Saturday, April 4, 2009

Statistical Report 2008

The following information was presented in the Saturday afternoon session of the 179th Annual General Conference of the Church of Jesus Christ of Latter-Day Saints portraying the status of the Church as of December 31st, 2008.
  • 13,508,509 members
  • 265,593 converts baptized in 2008
  • 123,502 new children of record for 2008
  • 2,818 stakes
  • 348 missions
  • 622 districts
  • 28,109 wards and branches
  • 52,494 missionaries serving

Membership growth overall slowed slightly during 2008 as a whole, and we saw some 14,000 less converts baptized compared to 2007. The number of congregations in the Church increased by only 282 in 2008, the lowest increase since 2003. Stakes increased by only 28, off of a nine year high of 45 the year before. Districts increased by four. The number of missionaries serving fell by only a couple hundred, but was reported to be currently around 53,000 in conference. It is saddening that the number of congregations has not increased worldwide by a greater number and evidences that inactivity and retention problems remain in much of the world where the Church is established.

The most surprising statistic given for me for 2008 was the increase of children of record. This was the largest increase we have seen in this statistic since 1982! In the 1990s, increase of children of record was typically between 70 and 80 thousand. Since 2003 this statistic has been between 90 and 100 thousand. This likely indicates that families in the Church are being better established outside of the United States.

Lastly I wanted to focus on a statistic which can be derived from the data provided by the Church. If you take the difference of membership in 2007 and 2008, you will come up with 314,510 members. However, if you add the number of converts and increase of children of record for 2008, you get a total of 389,095. So where did the 74,585 members go?

There are several reasons for this discrepancy. First off, some of these members have passed away and are no longer included in the number of members reported by the Church at conference. Secondly, some of these members were excommunicated from the Church. Some of these 74,585 members also voluntarily asked for the Church to remove their names from the Church's membership records. This number might also result from the Church maintaining its membership records and deleting duplicate or inaccurate records. Keep in mind that Church records in the United States and Canada are much more organized and up-to-date than much of the rest of the world, where most of the members of the Church now live. Believing that the Church is manipulating these numbers to make growth look less modest is unfounded and superficial.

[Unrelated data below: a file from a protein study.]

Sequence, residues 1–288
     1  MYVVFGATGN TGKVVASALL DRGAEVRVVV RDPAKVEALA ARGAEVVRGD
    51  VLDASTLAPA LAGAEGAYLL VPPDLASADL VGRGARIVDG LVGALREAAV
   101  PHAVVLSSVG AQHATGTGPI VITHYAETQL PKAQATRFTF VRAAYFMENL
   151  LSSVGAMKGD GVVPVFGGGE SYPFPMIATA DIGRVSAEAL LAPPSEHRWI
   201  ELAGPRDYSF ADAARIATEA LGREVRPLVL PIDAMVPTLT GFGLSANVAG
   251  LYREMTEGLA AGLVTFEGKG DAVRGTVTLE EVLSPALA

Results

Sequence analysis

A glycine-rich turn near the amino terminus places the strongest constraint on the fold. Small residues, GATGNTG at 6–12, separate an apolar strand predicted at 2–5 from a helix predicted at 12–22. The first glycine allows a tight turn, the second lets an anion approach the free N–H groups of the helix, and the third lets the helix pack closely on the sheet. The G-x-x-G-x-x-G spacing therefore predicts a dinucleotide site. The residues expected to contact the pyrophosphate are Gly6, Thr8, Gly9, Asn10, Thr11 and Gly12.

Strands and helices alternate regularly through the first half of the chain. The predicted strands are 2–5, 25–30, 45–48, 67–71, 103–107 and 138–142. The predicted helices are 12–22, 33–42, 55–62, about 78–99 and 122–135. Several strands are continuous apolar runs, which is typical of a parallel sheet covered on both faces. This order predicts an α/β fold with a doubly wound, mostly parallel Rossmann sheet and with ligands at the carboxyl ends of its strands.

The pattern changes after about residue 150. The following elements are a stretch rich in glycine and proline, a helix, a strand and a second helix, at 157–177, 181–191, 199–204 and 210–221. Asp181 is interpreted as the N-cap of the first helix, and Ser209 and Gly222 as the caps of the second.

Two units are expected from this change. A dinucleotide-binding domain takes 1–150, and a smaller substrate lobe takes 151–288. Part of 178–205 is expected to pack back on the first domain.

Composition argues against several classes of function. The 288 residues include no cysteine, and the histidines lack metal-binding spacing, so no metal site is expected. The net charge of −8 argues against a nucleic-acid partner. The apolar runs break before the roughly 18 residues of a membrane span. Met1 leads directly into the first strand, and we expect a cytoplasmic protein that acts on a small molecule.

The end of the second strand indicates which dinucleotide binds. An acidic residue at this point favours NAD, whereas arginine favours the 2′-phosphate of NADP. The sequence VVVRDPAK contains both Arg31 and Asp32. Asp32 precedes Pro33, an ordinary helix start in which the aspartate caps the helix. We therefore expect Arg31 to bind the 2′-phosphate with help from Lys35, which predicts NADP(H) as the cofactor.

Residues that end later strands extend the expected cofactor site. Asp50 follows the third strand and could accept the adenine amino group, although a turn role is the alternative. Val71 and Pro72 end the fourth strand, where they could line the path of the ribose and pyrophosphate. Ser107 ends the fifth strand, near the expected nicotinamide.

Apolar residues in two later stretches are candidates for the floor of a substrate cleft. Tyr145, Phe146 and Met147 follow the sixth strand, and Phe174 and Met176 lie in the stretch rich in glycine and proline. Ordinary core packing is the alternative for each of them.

The difference between the increase in membership and the sum of new converts and children of record tend to be between 30 and 80 thousand a year.


ed said...

"The most surprising statistic given for me for 2008 was the increase of children of record."

Indeed. This was so far out of line with earlier numbers, that it must be a result of some policy change in how things are counted. The idea that there was a real change of this magnitude is highly implausible.

(I'm not suggesting anything shady is going on here, there might well have be a perfectly good reason to change how children of record are counted. I hope we get the real story someday, but the church isn't always open about these things.)

James said...

What exactly are 'children of record'? I always thought they were 8 year old baptisms, but then I also heard that they were babies blessed.

Matt said...

Increase of children of record comes primarily through births or converts being baptized and bringing their children under age 8. There are a lot of things I do not know about this topic, but I believe that this statistic is representative of individuals from the two conditions I mentioned.

Pleather Murse said...

8 year olds are considered converts? I'm still not clear on this. That part of the stats always confused me. (I know children get baptized at 8, I just thought like James above that those were listed as children of record.)

Matt said...

If part of a family or an entire family joins the Church and if one of the children is eight years old, the child is a convert baptism. If the child has at least one parent who is a member of the Church and eight years old, then the new member is not considered a convert baptism. I know this can seem a little confusing.

On my mission, we baptized a mother of three when her children where all under the age of eight. Her oldest son was baptized less than a year later when he turned eight and was not a convert baptism because his mother was already a member of the Church.

Brandon Plewe said...

On Children of Record: This is still a bit of a mystery to me. Up until 1989, they reported both "Children Blessed" and "Children of Record Baptized." (i.e., 8yr olds) For the next 8 years, they only reported CoR Baptisms. Then starting in 1998, they've reported this "Increase in Children of Record." It sounds like blessings, but the numbers have been much more in line with the earlier baptism numbers. I wonder if the jump is a switch from baptisms to blessings--the difference is about right, based on the earlier statistics.

Brandon Plewe said...

On the growth residual: Until 1983, the annual report in conference included the death rate. That typically accounted for about 2/3 of the residual, presumably the other 1/3 being people leaving the church.